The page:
Perhaps you peered longingly at your Princess Beanie Baby behind its plastic case, admiring its purple form and ensuring its tag protector was tightly fastened. The bear benefitting The Diana, Princess of Wales Memorial Fund was a crown jewel in a Ty toy collector's assortment.
With the ownership of the reportedly rare collector's item came the notion that one day, the small investment may pay off big time.
"Am I a millionaire yet?" asked Twitter user Natalie Ballard, sharing a photo of the collectible.
"I've been waiting for my 'Rare' Princess Diana Beanie Baby to make me a millionaire since 1997," Twitter user Max Grossman shared.
But as antiques appraiser Lori Verderame, who has appeared on Discovery Channel's Auction Kings, advises, an item's worth should be based on what it's actually sold for. "When you see... $507,000, that’s not credible because you have to find a sales record for someone (who) actually paid the bill for that."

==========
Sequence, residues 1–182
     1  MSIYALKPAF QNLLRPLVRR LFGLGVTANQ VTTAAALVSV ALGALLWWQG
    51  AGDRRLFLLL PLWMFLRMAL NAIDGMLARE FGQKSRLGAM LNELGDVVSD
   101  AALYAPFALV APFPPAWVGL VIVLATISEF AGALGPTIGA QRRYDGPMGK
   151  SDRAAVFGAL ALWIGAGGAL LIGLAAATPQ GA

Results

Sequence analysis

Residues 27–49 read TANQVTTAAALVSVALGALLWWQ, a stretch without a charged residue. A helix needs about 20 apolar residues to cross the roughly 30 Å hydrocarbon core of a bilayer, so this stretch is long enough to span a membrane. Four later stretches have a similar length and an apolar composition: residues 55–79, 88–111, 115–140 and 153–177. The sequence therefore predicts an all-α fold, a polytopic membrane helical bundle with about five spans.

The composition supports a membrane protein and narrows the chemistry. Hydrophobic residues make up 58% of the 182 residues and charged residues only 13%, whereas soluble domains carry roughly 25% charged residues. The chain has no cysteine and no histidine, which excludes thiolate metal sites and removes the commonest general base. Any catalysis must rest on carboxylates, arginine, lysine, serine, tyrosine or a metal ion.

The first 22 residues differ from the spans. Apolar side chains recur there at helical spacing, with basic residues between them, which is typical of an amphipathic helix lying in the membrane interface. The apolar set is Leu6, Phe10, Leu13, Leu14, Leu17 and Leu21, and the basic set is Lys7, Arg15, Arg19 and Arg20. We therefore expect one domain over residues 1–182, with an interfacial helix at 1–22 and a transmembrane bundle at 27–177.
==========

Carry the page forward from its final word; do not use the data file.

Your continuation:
The sold for prices tell another story.
So how much is your Princess really worth? As Dr. Lori explains a "magic number doesn’t exist" as many factors come into play, including the condition and version of the bear. Is the tag still attached or has it fallen off? Also, different versions of the Princess bear were made in different parts of the world with different materials. Dr. Lori says a bear filled with PVC pellets "is key to the high evaluation."
The upcoming 20-year anniversary of Princess Diana's death on Aug. 31 makes now an ideal time to sell, she advises.
"These two weeks before the end of August... is really the time when people should be focusing on ‘This is the time to sell my Diana Beanie Baby,’ because the market only spikes at certain times — usually at 25 years, 50 years, 100 years," she says.
To those perusing eBay for a Princess bear, Dr. Lori issues a warning about sellers. "They’re not gonna tell you what it’s really worth because they want you to buy it for the highest price possible."
Dr, Lori explains the hope that one's Beanie Baby collection could be valuable shouldn't be lost. "Anytime you have such big numbers of production, you’re gonna have some that are worth less than others," Dr. Lori reasons, "But because it’s a Beanie Baby, we all think automatically, ‘Oh it can’t be worth anything,’ and that’s really a mistake."
For future collections, focusing on items that have a historical context is a good rule of thumb, according to Dr. Lori. "Collect stuff that relates to history," she says, "because it will increase in value."